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Thursday, 3 November 2016, 6 p.m., Edinburgh

Euan Mearns, Editor, Energy Matters

Sponsorship is provided by Scottish Oil Club (Students).

This event occurred on: Thursday, 03 November 2016, 6 p.m.

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Funding for student participation from member universities provided by Scottish Oil Club.


Since 2008, electrical power supply and distribution systems in Scotland and the UK have massively changed due mainly to political changes with the adoption of the 2008 Climate Change Act, without due regard to reliability, cost, safety, and the environment. Reliable and low-cost coal-powered plants are being replaced by intermittent facilities powered by wind and the sun. This presentation will outline the issue and start to address the key questions, as winter is now approaching, is the system robust? Will Scotland experience blackouts?

Once upon a time, not so long ago, our electrical power supply and distribution system was designed by professional engineers with system reliability, electricity cost, safety, and the environment in mind. But then, about 11 years ago all that changed. In the UK, with the adoption of the 2008 Climate Change Act the design of our electricity supply was handed over to politicians advised by experts from Green NGOs.

Since then our electricity system has been in a state of continuous change with the closure of coal-fired power generation in the UK and new “investments” in facilities powered by intermittent wind and solar photovoltaics. We have turned away from coal, one of the most reliable, secure and cheapest forms of electricity production. Combined cycle gas turbines augmented by nuclear power are the only power-making machines keeping the UK grid alive.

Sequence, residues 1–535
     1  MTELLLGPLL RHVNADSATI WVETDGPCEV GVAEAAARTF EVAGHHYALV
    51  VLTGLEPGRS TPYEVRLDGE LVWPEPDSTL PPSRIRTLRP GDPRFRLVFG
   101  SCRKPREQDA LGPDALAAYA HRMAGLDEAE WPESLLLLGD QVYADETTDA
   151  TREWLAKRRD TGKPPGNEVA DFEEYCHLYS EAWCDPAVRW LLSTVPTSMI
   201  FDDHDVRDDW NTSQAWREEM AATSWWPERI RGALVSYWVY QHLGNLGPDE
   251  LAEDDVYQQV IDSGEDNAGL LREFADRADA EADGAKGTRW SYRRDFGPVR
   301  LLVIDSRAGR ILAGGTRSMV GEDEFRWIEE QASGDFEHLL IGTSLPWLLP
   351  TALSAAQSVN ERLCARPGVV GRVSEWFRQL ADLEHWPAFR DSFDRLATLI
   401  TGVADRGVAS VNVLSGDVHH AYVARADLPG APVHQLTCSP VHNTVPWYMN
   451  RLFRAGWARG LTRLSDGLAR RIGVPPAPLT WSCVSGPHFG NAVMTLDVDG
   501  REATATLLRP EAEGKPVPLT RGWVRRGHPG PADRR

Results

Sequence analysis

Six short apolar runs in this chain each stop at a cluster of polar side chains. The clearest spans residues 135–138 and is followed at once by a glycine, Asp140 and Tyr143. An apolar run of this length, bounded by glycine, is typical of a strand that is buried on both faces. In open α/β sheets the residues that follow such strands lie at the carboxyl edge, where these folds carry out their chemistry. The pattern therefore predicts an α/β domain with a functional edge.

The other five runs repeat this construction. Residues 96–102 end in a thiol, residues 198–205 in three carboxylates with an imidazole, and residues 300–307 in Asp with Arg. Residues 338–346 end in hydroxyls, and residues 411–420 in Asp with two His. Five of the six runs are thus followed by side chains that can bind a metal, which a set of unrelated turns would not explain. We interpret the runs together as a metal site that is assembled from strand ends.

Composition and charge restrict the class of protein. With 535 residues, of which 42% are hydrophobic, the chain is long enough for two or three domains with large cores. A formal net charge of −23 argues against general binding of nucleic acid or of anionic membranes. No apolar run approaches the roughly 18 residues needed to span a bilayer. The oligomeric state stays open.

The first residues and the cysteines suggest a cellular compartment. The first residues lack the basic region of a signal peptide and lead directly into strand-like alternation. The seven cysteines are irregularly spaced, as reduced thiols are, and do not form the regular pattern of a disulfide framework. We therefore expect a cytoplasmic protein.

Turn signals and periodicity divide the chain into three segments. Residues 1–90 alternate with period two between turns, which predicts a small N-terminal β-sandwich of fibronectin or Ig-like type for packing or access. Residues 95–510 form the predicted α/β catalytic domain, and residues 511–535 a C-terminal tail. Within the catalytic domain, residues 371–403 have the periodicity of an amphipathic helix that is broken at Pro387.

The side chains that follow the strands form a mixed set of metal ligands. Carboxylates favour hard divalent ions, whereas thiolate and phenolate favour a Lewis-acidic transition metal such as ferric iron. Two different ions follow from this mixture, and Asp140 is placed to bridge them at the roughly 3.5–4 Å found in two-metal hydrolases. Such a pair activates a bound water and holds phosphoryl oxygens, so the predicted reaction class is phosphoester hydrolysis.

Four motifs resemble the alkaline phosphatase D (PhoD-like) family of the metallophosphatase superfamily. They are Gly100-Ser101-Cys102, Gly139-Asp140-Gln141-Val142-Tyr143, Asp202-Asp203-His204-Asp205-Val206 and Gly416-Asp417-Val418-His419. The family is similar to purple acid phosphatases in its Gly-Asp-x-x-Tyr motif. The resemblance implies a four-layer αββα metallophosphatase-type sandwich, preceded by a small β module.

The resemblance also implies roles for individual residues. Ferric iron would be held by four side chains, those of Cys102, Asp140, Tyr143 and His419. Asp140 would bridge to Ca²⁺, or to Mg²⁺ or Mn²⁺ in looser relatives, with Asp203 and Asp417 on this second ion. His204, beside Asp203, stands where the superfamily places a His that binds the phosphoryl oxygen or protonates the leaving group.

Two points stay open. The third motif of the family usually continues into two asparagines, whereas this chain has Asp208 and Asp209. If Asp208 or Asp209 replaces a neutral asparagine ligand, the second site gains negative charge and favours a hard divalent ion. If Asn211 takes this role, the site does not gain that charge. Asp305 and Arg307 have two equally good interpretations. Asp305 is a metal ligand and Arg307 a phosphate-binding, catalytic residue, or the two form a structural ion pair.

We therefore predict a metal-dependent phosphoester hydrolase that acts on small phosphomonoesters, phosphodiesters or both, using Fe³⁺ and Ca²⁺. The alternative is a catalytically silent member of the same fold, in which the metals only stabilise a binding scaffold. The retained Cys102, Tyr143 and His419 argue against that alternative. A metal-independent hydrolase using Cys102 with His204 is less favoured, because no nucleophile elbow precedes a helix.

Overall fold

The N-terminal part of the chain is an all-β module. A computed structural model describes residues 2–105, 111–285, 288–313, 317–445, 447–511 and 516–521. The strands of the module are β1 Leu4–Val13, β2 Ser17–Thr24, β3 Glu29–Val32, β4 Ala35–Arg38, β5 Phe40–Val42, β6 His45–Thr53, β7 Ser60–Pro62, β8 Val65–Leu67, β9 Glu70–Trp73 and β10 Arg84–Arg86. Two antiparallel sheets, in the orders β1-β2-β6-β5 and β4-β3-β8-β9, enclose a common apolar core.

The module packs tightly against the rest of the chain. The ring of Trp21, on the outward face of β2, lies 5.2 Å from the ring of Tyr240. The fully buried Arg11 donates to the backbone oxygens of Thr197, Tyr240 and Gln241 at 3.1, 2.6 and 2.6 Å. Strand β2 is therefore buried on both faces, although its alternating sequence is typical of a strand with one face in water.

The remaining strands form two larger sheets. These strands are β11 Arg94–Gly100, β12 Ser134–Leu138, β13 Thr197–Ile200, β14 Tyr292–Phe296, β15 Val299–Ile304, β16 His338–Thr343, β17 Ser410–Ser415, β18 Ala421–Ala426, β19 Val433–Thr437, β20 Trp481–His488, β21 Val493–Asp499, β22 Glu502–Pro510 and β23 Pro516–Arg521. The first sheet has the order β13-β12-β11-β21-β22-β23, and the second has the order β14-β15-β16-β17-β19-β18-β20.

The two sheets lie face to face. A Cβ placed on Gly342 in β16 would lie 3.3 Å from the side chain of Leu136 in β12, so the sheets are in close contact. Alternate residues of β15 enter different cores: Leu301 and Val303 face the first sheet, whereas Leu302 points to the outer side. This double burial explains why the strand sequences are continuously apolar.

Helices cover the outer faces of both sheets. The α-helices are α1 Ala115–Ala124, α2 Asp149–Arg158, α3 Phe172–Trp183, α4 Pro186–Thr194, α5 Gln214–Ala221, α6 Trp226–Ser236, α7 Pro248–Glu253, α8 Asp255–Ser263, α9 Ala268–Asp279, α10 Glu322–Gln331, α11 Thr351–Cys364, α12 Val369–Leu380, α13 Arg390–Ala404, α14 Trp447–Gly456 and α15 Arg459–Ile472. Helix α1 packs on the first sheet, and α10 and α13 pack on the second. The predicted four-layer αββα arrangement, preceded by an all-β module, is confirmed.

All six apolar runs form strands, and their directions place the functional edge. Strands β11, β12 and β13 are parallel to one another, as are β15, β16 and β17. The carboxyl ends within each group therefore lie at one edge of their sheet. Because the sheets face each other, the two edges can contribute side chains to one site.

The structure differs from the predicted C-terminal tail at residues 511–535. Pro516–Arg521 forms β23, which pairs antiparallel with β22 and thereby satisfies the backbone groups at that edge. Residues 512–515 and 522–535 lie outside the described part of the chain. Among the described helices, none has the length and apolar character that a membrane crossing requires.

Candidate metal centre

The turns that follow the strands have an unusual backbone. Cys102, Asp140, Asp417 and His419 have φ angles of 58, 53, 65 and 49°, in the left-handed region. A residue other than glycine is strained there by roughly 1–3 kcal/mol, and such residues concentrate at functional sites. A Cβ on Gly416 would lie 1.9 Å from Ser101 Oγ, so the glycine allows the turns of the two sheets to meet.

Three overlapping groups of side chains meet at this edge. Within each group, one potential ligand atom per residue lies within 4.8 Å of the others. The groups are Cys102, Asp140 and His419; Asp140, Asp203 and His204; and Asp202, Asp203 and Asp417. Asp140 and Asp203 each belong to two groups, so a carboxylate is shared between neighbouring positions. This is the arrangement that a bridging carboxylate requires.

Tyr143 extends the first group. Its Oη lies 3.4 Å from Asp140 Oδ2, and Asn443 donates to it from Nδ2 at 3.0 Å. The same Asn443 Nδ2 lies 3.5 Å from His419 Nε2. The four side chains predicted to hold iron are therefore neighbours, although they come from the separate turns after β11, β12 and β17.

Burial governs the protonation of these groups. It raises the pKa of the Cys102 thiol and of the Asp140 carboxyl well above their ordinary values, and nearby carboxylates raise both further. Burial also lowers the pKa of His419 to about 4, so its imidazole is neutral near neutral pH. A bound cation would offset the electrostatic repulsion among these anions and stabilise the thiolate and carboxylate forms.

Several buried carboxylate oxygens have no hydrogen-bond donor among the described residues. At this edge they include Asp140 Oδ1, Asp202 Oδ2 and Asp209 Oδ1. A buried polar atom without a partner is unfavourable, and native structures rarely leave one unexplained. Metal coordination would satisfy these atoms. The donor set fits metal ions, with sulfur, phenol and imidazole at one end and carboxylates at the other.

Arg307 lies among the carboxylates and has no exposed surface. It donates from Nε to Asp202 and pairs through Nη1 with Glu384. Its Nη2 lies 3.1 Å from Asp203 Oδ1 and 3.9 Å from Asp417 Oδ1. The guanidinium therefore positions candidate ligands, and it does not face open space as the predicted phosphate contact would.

In Scotland, as winter now approaches we are about to find out how robust our brave new electricity system actually is. We still have about 2.2 GW of nuclear power and a hydro suite that rarely produces more than 1 GW against peak demand of roughly 5 GW leaving a 1.8 GW deficit. It is virtually guaranteed that this winter we will experience darkness at 6pm concident with flat calm conditions across the whole of Europe. The contingency plan is that Scotland will import electricity from England at such times, an ironic dependency on our neighbors south of the border. The key question: when Scotland calls will England have any power to deliver?


Dr Euan Mearns is a geologist with a PhD from the University of Aberdeen (UK) titled Isotopic Studies of Crustal Evolution in Western Norway that addressed issues of crust - mantle differentiation and the timing of high pressure metamorphic events. He worked for 8 years in Norway (1983-1991), first at the University of Oslo, where he continued the research begun in his PhD. This led to researching the isotope systematics of sedimentary systems draining west Norwegian terrains. He then moved to The Institute for Energy Technology where research into oil industry applications of isotope systems was deepened. In 1991 he returned to Aberdeen to establish an isotope geochemistry analysis and consulting company that grew to employ 12 staff and worked for 65 companies globally. In 2006 he began blogging on energy matters first at The Oil Drum and laterally on his own blog - Energy Matters. Since 2016 he has been engaged by KiteGen to assist in explaining their technology to the investor community.

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